of Kuta, Sanur or Ubud! The Balinese understand priorities,
and expect non-Balinese to do likewise.

The important thing for visitors to understand, and remember,
is that cremations and other ceremonies are not tourist
attractions, but are genuine religious events. That the Balinese allow outsiders to be part of them does not detract from their religious significance.

There are many major dates in the Balinese calendar, which is
much shorter than the Western one. Late September, this
Western year, sees the arrival of Galungan, the celebration of
good fighting evil in Bali, and ends, ten days, later with
Kuningan. This period of the Balinese year sees a slow down in
some businesses, because the owners are involved in far more
important things. The morning of Kuningan sees most of Bali's
Hindu population visit the temple at Turtle Island, near
Sanur. It is a fantastic sight, if you can get near it.

Besakih temple, in East Bali, is the "mother" temple of Bali.
The other three important temples are at Uluwatu, Kintamani
and Tanah Lot. All of them are fantastic to visit. There are
other important regional temples, then, in each village there
is a temple for life at the mountain end of village, and one
for death at the end nearest the sea. Then, there are family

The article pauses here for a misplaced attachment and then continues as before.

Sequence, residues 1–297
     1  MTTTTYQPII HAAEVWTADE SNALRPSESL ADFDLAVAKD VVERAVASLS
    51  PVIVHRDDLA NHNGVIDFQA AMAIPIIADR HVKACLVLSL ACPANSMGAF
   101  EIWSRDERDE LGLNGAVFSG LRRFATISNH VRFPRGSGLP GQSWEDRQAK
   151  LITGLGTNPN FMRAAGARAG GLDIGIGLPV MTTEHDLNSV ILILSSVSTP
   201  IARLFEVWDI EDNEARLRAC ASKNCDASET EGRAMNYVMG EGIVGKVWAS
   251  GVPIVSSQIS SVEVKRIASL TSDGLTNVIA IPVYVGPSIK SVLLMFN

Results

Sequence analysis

temples, temples in particular sacred places, and shrines
everywhere, including most houses.

Recently, near Pemuteran, in north Bali, I took a wrong turn
into the hills, and found myself at the bottom of some steps
leading up, out of sight. The 710 steps (I counted them on the
way down) lead to a small temple half-way up a mountain.
Despite being exhausted, I was exhilarated by the views across the hinterland and out to sea. The Balinese who carted the materials for building the temple, and the steps, up that path
were amazing.

An incredible experience, for me, was a trip to Tirta Empal,
the holy bathing pools in Tampaksiring. A Balinese friend said
she was going there to be "purified". I asked if I had to do
something wrong first, to accompany her, but she assured me
that all ordinary mortals can do with some occasional
purification. We were accompanied by a woman from Tabanan, who, while not a priest, is recognized as an expert in helping people carry out the ritual.

In the moonlight, we bathed under the water jets, and then